Information Warfare: Mercenaries Gone Wild


July 10, 2008: Many of the increasing number of Cyber War skirmishes have been fought by mercenaries, or just private individuals out to do some damage. A recent example occurred in Lithuania, after a law was enacted prohibiting the display of symbols dating from the time when the country was part of the Soviet Union. The Soviet period is much hated in Lithuania, but still admired by many Russians. So over 300 Lithuanian web sites were defaced by, apparently, pro-Soviet Russian hackers.

This sort of Cyber War waged by non-government groups is becoming more frequent. In some cases, when specific, and highly classified, data is taken, mercenary hackers are believed to be responsible (at least in some cases), and carrying out attacks paid for by a foreign government. It's better to use mercs, as that makes a nasty diplomatic situation, not to mention retaliation, less likely. But there are lots of skilled freelancers out there, who do not hesitate to make war on their own. This could become a serious problem, especially if people got killed (as in hacking a hospital or power plant), or some serious physical damage was done.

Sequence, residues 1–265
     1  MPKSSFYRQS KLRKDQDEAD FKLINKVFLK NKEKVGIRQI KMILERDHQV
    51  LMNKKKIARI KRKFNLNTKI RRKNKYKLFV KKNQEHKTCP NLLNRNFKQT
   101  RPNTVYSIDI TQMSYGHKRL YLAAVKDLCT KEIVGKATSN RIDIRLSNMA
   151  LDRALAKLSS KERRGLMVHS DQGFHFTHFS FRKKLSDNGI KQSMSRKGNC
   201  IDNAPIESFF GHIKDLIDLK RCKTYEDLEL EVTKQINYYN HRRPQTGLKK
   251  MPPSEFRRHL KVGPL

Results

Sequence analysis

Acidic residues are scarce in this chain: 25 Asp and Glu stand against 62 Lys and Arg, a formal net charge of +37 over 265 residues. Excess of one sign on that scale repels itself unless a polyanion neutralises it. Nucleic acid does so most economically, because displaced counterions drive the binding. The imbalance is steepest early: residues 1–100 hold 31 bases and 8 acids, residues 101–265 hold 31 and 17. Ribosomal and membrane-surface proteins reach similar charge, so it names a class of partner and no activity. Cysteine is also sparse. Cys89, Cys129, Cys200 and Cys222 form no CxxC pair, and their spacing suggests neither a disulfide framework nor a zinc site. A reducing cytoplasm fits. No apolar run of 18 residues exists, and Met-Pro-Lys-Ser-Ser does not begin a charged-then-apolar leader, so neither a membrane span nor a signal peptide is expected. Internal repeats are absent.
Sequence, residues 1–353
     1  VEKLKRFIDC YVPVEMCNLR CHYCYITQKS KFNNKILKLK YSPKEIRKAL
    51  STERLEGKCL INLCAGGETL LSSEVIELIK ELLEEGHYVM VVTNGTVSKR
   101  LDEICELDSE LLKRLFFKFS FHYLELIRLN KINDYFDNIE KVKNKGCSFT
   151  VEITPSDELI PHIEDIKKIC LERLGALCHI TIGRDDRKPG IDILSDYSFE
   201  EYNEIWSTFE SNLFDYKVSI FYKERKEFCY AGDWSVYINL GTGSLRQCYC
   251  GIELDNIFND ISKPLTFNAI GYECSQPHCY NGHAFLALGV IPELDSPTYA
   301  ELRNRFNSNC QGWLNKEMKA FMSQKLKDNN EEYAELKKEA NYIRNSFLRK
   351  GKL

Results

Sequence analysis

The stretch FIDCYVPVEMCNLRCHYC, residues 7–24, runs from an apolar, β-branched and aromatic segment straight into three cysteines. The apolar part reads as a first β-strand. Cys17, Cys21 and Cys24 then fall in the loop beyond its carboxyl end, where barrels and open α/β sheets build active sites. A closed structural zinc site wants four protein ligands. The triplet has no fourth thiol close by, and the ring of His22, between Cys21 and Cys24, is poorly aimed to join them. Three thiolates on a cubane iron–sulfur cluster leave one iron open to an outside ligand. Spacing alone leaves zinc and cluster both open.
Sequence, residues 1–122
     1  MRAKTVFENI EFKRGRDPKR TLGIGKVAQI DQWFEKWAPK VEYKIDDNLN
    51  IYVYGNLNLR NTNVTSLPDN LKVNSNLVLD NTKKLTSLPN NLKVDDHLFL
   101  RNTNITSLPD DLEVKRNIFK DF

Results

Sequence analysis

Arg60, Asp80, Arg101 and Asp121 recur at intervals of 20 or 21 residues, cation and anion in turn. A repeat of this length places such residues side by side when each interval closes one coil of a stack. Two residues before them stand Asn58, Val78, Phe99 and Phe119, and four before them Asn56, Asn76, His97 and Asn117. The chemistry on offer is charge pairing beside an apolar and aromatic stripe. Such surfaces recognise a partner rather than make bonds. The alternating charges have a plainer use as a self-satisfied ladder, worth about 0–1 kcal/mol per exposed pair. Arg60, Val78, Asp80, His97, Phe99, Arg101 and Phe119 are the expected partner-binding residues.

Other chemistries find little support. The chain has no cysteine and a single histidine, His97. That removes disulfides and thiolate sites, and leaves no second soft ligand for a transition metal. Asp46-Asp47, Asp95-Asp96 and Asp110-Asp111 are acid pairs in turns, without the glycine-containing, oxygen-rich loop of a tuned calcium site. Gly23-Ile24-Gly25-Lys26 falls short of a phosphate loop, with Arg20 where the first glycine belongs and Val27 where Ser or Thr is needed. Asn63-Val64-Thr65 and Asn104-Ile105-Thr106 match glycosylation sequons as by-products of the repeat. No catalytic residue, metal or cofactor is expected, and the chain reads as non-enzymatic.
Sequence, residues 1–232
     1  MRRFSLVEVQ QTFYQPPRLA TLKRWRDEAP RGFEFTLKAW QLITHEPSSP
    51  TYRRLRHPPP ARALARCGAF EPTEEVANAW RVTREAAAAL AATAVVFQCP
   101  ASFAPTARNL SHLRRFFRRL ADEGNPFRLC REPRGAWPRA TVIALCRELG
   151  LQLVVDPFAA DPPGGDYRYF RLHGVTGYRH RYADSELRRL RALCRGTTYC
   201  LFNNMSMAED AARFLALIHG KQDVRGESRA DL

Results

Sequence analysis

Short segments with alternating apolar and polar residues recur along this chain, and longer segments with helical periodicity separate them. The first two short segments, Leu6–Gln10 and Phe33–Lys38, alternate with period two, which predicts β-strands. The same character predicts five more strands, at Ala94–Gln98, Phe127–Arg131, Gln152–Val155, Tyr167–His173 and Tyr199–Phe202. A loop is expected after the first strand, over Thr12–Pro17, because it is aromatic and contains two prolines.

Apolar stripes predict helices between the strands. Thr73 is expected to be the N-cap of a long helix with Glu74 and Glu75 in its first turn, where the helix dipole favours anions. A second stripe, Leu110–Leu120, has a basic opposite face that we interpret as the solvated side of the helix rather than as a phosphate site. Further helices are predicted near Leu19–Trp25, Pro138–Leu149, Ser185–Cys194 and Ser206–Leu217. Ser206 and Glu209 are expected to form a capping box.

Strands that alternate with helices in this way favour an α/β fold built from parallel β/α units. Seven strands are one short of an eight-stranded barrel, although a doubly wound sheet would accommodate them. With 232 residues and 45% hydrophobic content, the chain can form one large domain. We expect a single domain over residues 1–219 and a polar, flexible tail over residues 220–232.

Controlling these privateers, who often work for criminal gangs, has proved difficult. The gangs are usually willing to work with the government, especially if some of their other cyber crime activities are ignored. But many of these hackers are virtually unreachable by the government. It is believed that China and Russia have made a major effort to contact, and exercise some control, over the hackers. China has established semi-official organizations for the hackers, and appointed officials to act as liaison. That has not been a harmonious arrangement, as many Chinese hackers are getting angry and the growing government attempts to control Internet access.

The big fear, however, is that these freelance Cyber Warriors will start something the government will have to finish, with more explosive weapons and large loss of life.




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